Montreal man in his 70s, after pausing work for COVID, is told his mortgage relief is over

A Verdun man in his 70s says he’s learning in the hardest way that Canadian banks’ mortgage flexibility doesn’t always extend very far.

Ahmad Abadi bought a building in Verdun five years ago to help ensure some financial security in his later years. He lives in one unit, rents out the others, and drove an Uber to make ends meet.

He has a heart condition, however, and when the pandemic arrived he gave up cab driving, worried about the health risks.

"I also have some mild asthma,” Abadi says. “I was very vulnerable... so I stopped.”

He asked to defer his mortage payments for three months and his bank granted the request. The deferral ended in June.

But his own income hasn’t returned, and as his tenants have also lost their own income, the financial situation has only worsened.

He believes that by fall, things will likely stabilize somewhat. “I think in two to three months it could be okay,” he said.

But when he applied for a second deferral, he was refused, leaving him panicking.

“I’m really suffering from anxiety—I can't do anything,” he said. “I cannot work... I am having a hard time.”

The Consumers’ Council of Canada says the pandemic has exposed the cracks in the country’s lending system. It’s not built to withstand big-picture emergencies that halt income.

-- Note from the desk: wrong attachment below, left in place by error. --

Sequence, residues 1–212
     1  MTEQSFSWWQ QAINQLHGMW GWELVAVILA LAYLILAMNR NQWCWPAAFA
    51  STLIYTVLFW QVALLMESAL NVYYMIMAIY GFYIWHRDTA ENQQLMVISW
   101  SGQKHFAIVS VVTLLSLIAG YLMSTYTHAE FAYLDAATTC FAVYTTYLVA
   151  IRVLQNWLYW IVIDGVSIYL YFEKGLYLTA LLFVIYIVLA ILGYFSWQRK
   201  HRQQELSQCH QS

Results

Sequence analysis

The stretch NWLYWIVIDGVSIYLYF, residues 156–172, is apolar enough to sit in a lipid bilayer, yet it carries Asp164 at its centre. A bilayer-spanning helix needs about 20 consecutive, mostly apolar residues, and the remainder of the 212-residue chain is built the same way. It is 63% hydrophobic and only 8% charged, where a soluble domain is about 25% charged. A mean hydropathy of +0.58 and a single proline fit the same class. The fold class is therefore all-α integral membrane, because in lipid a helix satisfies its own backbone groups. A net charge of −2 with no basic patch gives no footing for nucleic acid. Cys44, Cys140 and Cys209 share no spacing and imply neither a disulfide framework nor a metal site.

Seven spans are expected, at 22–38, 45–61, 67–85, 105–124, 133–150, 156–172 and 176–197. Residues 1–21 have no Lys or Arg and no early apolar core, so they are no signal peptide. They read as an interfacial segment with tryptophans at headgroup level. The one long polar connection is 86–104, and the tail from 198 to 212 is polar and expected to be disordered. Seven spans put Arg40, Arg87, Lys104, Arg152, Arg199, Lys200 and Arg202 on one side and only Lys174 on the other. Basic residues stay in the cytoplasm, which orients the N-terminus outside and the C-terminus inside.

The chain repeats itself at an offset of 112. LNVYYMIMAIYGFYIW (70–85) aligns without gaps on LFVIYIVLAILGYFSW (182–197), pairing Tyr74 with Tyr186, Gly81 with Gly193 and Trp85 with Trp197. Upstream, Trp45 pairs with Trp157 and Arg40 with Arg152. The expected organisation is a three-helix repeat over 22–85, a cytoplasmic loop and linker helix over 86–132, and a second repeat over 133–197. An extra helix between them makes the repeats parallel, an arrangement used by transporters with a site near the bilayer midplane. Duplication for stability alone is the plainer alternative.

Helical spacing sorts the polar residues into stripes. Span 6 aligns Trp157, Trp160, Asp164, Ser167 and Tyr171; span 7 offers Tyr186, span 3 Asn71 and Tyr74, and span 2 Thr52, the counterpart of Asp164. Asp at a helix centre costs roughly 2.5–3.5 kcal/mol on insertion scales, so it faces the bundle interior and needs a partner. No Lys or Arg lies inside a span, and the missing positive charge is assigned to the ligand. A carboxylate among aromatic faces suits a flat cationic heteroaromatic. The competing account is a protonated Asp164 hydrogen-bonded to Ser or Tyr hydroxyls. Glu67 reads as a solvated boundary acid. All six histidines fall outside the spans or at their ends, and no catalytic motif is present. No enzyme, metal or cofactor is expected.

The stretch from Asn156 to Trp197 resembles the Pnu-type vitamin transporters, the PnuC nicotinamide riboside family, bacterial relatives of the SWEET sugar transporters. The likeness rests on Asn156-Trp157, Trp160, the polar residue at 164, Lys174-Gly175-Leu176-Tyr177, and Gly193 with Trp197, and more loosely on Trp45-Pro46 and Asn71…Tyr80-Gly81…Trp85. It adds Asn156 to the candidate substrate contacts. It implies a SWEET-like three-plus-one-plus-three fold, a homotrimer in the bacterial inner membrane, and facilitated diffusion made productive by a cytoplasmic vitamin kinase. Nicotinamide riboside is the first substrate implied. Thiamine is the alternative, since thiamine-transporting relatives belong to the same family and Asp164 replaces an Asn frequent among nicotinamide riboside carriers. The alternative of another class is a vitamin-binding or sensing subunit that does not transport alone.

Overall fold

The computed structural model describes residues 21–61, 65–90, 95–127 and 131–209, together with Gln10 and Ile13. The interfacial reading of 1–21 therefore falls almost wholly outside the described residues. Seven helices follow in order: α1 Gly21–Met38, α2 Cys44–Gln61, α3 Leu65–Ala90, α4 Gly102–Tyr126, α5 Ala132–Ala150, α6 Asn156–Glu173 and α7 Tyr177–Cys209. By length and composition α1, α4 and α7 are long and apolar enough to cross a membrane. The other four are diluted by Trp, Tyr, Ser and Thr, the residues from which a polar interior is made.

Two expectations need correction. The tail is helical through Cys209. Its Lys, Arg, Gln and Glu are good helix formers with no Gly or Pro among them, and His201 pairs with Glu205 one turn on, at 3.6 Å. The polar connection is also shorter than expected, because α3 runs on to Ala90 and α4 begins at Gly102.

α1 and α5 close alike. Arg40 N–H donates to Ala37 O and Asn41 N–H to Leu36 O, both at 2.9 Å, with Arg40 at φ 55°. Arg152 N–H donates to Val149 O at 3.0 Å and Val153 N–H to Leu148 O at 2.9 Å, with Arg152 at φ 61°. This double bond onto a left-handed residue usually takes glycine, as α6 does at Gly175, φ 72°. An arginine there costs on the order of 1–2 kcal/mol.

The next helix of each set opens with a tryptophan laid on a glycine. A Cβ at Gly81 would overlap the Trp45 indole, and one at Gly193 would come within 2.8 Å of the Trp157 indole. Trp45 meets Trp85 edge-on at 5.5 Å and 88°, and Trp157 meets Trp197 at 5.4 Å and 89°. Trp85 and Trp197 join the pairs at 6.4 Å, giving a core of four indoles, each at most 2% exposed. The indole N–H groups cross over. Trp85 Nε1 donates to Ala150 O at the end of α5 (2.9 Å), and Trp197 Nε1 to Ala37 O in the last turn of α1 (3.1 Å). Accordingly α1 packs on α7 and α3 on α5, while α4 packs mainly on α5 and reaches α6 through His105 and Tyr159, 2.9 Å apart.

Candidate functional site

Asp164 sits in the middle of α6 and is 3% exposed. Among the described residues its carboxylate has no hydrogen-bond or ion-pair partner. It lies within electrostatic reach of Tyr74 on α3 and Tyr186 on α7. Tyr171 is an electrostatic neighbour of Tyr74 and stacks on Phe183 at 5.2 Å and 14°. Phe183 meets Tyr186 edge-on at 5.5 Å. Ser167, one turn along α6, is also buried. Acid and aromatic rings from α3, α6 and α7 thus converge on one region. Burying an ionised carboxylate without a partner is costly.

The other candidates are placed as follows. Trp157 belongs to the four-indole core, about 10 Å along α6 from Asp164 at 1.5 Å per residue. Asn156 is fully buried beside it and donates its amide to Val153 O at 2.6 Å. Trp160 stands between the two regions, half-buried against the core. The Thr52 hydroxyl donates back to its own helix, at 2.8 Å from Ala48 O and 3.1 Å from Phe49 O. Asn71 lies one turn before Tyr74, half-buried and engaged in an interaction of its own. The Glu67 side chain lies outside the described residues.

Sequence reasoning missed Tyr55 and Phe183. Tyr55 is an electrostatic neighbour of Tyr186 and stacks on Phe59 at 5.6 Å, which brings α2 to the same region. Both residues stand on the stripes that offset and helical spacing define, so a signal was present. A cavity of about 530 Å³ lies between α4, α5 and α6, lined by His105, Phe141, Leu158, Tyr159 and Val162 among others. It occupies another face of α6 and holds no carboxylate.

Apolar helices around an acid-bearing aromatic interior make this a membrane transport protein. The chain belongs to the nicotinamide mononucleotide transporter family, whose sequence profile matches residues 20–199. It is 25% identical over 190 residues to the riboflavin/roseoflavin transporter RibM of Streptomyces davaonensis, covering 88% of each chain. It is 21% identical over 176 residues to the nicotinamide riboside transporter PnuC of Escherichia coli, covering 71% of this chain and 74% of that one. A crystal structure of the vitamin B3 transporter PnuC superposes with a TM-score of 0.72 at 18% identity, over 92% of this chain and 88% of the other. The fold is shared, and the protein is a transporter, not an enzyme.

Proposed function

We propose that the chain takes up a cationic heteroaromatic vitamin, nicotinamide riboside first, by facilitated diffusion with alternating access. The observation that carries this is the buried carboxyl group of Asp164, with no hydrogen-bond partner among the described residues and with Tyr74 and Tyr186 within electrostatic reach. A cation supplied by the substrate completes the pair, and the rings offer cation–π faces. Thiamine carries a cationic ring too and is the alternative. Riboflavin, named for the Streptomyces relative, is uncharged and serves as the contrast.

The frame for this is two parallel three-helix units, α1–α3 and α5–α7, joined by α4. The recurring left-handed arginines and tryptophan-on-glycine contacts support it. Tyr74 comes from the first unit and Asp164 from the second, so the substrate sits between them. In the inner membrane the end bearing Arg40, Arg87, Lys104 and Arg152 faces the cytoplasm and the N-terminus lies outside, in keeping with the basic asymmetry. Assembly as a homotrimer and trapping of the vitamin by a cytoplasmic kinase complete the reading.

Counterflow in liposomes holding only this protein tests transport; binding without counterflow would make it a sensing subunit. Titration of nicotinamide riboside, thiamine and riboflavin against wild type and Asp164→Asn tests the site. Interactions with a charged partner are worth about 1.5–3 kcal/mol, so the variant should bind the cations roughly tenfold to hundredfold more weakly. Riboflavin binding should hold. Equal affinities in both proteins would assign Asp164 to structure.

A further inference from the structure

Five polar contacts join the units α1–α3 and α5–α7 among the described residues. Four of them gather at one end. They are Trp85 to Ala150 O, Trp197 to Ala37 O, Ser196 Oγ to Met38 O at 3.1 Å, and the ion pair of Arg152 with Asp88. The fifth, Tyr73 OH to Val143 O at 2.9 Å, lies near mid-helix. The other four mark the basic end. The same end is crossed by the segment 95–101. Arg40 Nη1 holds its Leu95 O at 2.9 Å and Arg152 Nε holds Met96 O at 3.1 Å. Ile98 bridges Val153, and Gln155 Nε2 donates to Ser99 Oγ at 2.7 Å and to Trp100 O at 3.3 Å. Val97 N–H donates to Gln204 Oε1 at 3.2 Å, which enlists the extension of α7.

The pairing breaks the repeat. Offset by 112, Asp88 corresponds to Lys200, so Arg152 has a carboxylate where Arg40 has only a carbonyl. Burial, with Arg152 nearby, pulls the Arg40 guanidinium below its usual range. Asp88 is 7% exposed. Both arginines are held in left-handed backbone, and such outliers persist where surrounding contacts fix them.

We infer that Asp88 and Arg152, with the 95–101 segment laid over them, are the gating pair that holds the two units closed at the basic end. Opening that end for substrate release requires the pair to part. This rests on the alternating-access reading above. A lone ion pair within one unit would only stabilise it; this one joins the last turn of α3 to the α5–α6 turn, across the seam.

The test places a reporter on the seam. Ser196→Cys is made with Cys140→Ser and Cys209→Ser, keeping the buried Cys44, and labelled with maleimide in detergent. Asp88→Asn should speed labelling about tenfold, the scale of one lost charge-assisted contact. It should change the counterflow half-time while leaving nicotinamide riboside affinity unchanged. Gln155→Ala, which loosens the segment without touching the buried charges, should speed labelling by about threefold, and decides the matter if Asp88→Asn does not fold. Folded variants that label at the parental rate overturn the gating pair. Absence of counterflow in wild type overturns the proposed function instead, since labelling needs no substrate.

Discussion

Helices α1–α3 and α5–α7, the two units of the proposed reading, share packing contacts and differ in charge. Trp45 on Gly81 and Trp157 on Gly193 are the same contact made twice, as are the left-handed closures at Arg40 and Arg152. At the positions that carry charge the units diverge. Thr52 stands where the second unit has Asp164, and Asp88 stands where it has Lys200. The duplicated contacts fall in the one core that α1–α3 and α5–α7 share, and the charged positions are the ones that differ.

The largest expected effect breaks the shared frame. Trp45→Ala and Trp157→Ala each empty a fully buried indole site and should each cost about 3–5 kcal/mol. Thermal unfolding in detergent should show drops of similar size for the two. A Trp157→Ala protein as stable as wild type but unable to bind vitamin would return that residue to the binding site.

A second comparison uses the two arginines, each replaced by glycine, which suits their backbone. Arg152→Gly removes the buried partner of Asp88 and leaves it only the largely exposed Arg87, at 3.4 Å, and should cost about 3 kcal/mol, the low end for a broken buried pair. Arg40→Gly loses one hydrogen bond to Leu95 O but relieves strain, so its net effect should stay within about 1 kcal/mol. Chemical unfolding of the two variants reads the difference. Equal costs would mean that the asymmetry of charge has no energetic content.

For their own good, “financial and other businesses are going to need to begin adjusting to reality,” Ken Whitehurst of the Consumers Council told CTV News. 

“Otherwise they’re not going to just miss a payment,” he said. “The consequences for them are going to be considerably greater.”

Laurentian Bank wouldn’t comment on Abadi’s case, but they told CTV News that the six-month deferrals they had announced were not guaranteed.

“Payment deferrals are not automatically approved -- even in the context of the COVID 19 crisis,” the bank said.

“We evaluate mortgage payment deferrals requests on a case-by-case basis.”

As of June 24, over 700,000 Canadians had deferred their mortgages, 19 per cent of which are Laurentian Bank customers.

Abadi says he believed the bank when they said they were ready to help, but in retrospect the message rings hollow. 

“The help that they were promising is not coming,” he said. 

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